A new study published by researchers at the University of Massachusetts Amherst, Leiden University, Netherlands and Rutgers University has found that nations offering more rights to lesbian, gay and bisexual people enjoy significantly higher per capita GDP than those who trail in LGB equality, and that nations fostering exclusion of LGB people are causing harms to their economies. The study, “The Relationship between LGBT Inclusion and Economic Development: Macro-Level Evidence,” appears online in the journal World Development.
The researchers used legal and economic data for 132 countries from 1966-2011, including the eight-point Global Index on Legal Recognition of Homosexual Orientation (GILRHO), to assess how economic harms caused by limitations of LGB rights – such as lost labor time, lost productivity, underinvestment in human capital and the inefficient allocation of human resources – are related to the macroeconomy. The GILRHO index, created by Dutch law professor and study co-author Kees Waaldijk, covers eight categories of legal recognition and protection for LGB people, such as decriminalization, anti-discrimination and partnership recognition, assigning each right with one point. They found that the addition of just one additional point on the GILRHO scale is associated with an increase in real GDP per capita of just over $2,000, and that estimates of the cost of exclusion suggest that 6-22 percent of this sum “could plausibly reflect the GDP costs of excluding LGB individuals from a full range of legal rights.”
“All over the world LGBT people face discrimination in the labor market, harassment and bullying in education and stresses that harm their health. This treatment diminishes their ability to contribute to the economy, and the economy suffers when countries fail to recognize their rights,” says lead author M.V. Lee Badgett, professor of economics and public policy at UMass Amherst and distinguished scholar at the UCLA Williams Institute on Sexual Orientation Law and Public Policy.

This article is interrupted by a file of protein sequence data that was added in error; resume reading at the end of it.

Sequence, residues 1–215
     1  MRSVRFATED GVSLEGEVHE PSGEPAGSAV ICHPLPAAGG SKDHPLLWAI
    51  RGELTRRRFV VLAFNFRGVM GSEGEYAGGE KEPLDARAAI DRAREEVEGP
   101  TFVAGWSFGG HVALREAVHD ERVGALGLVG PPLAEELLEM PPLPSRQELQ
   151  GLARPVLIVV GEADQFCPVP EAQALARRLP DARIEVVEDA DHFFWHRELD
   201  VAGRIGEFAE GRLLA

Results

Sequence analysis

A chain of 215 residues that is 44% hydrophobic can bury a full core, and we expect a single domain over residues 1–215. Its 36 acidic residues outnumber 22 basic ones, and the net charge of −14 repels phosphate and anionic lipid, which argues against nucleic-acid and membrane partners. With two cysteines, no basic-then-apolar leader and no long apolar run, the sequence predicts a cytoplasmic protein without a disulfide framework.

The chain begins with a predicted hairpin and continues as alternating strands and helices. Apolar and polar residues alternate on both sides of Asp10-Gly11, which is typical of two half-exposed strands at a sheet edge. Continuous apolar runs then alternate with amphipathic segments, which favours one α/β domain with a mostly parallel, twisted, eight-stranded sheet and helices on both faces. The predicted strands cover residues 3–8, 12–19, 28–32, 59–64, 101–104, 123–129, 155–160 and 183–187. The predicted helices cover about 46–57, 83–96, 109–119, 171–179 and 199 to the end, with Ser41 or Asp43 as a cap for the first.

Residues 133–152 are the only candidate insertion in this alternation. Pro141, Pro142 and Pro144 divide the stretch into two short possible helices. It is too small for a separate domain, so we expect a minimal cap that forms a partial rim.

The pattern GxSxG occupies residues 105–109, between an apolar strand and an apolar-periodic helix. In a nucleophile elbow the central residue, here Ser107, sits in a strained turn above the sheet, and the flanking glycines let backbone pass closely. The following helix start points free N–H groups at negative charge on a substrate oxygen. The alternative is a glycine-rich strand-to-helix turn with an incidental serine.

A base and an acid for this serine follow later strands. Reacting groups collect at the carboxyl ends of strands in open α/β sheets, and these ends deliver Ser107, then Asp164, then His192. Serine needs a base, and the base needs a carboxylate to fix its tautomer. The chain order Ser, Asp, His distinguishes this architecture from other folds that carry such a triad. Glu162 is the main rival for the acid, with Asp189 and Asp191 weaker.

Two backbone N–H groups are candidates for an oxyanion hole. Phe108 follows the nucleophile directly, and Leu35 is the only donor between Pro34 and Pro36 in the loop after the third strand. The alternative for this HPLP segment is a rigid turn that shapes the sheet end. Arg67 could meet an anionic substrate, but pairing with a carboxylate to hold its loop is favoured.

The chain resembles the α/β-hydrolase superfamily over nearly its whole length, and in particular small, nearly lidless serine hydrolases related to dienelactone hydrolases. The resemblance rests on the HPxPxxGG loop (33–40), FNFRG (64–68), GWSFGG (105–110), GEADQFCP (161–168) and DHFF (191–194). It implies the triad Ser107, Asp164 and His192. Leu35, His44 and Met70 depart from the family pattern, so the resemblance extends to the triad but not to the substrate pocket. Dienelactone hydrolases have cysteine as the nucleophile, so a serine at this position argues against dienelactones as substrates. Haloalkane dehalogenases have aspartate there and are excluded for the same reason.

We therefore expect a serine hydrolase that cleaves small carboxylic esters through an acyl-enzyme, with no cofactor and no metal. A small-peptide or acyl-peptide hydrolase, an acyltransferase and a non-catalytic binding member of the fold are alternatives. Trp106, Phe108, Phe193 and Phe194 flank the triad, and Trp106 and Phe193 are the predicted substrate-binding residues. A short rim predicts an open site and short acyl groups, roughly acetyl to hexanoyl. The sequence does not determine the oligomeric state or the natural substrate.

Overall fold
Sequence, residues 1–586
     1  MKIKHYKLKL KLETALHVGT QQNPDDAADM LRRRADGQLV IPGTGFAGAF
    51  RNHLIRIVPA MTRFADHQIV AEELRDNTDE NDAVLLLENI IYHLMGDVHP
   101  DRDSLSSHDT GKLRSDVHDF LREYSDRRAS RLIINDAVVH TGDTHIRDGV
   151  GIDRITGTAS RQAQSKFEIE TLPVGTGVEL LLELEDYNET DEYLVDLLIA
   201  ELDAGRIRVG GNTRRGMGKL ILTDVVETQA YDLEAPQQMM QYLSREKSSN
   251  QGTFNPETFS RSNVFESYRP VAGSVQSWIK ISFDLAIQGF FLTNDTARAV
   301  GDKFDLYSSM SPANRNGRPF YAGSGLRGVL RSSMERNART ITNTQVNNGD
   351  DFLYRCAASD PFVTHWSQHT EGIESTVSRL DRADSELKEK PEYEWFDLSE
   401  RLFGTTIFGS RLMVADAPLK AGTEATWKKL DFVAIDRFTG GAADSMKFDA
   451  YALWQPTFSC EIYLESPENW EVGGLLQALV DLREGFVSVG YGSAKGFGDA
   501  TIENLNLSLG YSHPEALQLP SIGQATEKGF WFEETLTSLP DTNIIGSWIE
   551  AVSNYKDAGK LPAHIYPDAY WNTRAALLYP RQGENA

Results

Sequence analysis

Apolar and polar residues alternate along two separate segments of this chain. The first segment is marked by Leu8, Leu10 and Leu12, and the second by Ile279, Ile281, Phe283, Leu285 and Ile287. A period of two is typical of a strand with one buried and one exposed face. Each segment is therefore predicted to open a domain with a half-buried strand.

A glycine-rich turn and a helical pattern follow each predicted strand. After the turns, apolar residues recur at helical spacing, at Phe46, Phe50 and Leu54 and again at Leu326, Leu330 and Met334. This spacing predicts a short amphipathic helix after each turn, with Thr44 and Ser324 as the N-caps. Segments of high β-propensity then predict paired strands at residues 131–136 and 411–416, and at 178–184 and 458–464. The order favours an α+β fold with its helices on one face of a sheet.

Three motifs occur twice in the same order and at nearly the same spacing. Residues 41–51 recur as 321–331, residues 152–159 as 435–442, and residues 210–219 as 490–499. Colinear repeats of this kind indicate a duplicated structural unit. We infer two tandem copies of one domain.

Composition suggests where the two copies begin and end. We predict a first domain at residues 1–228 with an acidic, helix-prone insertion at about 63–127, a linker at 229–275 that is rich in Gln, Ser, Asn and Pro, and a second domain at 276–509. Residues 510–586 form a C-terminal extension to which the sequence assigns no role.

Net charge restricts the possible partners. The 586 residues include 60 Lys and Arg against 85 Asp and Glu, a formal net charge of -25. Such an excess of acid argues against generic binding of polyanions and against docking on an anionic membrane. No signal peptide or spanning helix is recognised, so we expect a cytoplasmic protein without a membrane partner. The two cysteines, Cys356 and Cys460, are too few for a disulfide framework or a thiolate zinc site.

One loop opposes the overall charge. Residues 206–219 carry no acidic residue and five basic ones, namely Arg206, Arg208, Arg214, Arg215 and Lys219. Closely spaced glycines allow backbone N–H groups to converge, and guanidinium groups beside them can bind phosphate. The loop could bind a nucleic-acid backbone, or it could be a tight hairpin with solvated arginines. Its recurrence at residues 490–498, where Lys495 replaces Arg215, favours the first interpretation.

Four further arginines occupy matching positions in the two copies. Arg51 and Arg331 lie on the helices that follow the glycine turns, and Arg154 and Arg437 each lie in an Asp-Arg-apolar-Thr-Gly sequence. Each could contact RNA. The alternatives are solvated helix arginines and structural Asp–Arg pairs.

“Human rights already provide strong arguments for full LGBT equality, and over the last few decades they have contributed to increasing legal recognition in many countries,” says Waaldijk, professor of comparative sexual orientation law at Leiden University. “The economic argument for equality, based on the economic effect of LGB inclusion as tested in this study, can widen and deepen the global legal trends captured in the GILRHO index.”
The study’s findings are higher than previous estimates; in 2014, the researchers released a study based on a limited sample of emerging economies that found a $320 increase in per capita GDP per GILRHO point.
“Many people, including policymakers, may turn a blind eye to the moral argument against discrimination against LGBT individuals. But if the economy is brought up, they are more likely to use money rather than morals to justify reforming policies to protect LGBT rights,” says co-author Yana van der Meulen Rodgers, professor of women’s and gender studies at Rutgers University. “Policymakers want to see the numbers, so here are the numbers that show the economic effect. Here’s evidence they can use to support change.”
The researchers conclude that the results from this study can help development agencies and other stakeholders to better understand “how the fuller enjoyment of human rights by LGBT people can contribute to a country’s economic development.”
The study notes that the empirical analysis uses legal rights of LGB people to represent LGBT inclusion. “Unfortunately we do not have multi-year data on the actual social position of LGBT people across the world, nor do we have a multi-year dataset on the legal rights of transgender people in many countries,” the researchers clarify. “Accordingly, we remove the ‘T’ from LGBT to acknowledge our shift in focus to LGB rights.”
The full study, “The Relationship between LGBT Inclusion and Economic Development: Macro-Level Evidence,” can be found here.
— Jared Sharpe, UMass Amherst News Office
About the School of Public Policy: Established in 2016, the UMass Amherst School of Public Policy is a hub for research and teaching, preparing students for leadership in public service. The program’s focuses include social change and public policy related to science and technology.